Mother-of-three Jessa Duggar recently revealed her 2-year old son Henry has speech delays and how it’s impacted her whole family.
The reality star, who also shared 4-year old Surgeon and 5-month old Ivy Jane with her husband Ben Seewald, discussed her son’s developmental program on the newest episode of her family’s reality show Counting On. A scene showed the toddler and his parents heading to a doctor that specialized in the “ear, nose, and throat.” That’s when Jessa told the camera she hopes the specialist can help her son with his speech development.
“He has some speech delays,” the 27-year old mother said. “We think it might be a good idea to just have him evaluated, have his hearing checked, and see what they think we should do next.” She added that she started to notice a difference in Henry’s development when he was around 18 months old. “He wasn’t communicating like his older brother did at that age, or like other kids his age,” Jessa explained.
Since then, Henry’s speech development hasn’t caught up to other kids in his age group, which has worried his parents. But Jessa says she’s particularly concerned since she can tell her son wants to talk, but is struggling to learn the skill, leaving him frustrated .“We realize that each kid develops at their own pace, but he’s not been really catching on,” she said. “He’s not really able to talk and communicate what he wants. A lot of the times it’s just grunts and pointing and that kind of thing.”
Jessa went on to admit that Henry’s delays have put stress on their entire family, though she admits she’s done most of the worrying. “I feel like especially as a mom, it’s easier for me to kind of stress out, like, ‘Oh no, he’s delayed. What’s wrong with him?'” she admitted. “And Ben is a little more level-headed, like, ‘It’ll be okay, we’ll figure it out.'”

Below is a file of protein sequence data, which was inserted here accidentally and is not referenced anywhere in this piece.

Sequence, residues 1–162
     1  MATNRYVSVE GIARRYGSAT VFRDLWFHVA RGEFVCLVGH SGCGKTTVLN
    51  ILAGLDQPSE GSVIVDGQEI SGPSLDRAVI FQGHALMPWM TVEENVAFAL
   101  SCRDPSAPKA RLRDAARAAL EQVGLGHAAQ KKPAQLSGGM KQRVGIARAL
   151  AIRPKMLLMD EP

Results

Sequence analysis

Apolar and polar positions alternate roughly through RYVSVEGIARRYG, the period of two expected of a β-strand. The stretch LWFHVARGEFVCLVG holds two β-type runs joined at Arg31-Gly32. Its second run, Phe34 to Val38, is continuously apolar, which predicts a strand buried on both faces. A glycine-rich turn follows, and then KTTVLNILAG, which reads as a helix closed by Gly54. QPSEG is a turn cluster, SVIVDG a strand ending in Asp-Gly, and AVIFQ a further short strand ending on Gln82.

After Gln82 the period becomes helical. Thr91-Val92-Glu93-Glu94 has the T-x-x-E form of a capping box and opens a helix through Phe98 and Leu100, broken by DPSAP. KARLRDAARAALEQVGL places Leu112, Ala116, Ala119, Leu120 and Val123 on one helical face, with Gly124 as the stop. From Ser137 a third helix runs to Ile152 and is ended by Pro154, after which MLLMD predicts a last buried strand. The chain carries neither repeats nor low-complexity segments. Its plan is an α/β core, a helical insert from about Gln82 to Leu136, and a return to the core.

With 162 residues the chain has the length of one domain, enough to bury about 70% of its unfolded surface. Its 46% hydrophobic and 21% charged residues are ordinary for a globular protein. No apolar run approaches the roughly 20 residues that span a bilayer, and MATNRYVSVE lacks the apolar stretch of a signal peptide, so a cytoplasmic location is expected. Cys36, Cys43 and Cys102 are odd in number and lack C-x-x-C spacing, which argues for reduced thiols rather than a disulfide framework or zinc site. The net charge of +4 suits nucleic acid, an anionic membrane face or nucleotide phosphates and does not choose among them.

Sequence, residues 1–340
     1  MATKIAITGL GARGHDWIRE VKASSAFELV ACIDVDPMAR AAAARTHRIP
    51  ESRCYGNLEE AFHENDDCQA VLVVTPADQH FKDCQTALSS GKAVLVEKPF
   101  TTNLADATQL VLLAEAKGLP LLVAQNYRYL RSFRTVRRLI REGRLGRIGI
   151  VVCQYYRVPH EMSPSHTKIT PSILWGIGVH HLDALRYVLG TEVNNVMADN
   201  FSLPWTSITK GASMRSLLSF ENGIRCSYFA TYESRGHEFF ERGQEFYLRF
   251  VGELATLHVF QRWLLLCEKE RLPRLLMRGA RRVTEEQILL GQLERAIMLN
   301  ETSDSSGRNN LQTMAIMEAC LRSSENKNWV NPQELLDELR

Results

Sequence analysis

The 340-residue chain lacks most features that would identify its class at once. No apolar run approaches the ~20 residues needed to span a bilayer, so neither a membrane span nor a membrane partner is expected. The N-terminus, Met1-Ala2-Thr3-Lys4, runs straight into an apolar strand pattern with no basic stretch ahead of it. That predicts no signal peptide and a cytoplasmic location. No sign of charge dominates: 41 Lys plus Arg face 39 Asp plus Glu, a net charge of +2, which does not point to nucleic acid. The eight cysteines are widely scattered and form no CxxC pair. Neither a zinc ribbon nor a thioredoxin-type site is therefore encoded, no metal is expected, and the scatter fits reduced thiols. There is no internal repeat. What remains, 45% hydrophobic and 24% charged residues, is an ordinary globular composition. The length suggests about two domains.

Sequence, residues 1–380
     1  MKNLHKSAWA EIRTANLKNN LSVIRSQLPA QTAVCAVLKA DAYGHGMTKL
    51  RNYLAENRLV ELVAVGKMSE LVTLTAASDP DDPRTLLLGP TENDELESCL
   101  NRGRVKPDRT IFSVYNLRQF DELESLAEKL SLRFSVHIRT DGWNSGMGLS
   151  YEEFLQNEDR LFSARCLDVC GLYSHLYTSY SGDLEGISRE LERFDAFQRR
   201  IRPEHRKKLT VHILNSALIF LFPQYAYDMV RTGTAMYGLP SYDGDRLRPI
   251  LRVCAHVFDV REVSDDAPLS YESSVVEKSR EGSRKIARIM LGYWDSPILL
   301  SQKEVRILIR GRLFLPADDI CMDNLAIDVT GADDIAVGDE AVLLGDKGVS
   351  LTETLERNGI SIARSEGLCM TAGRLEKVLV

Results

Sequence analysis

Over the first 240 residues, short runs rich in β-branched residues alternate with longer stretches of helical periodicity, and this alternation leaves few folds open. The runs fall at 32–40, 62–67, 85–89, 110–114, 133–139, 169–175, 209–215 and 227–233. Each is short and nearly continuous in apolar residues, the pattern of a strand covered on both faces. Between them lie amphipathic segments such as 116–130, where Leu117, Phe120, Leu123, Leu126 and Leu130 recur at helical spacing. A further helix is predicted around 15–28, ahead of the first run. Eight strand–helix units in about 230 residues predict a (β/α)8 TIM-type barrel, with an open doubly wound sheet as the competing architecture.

When the parents go to the doctor’s, Jessa proceeded to explain that Henry was “really bad tongue-tied” when he was born, which had to be clipped. After running some tests, however, the doctors were able to confirm that everything appears alright with the toddler’s hearing. “We know that between [age] 2 and 3 is a very important time in their development as far as speech goes,” the doctor said on-camera. “So this is the time to probably really focus on getting that development going and really jump-starting it.”
Jessa later told the camera she was very pleased with how the appointment went. “His hearing is perfect. Developmentally, he’s not behind, he’s on track with where he should be. It just seems to be a speech issue,” she explained. “So at this point, she’s recommended that we see a speech pathologist and go from there.”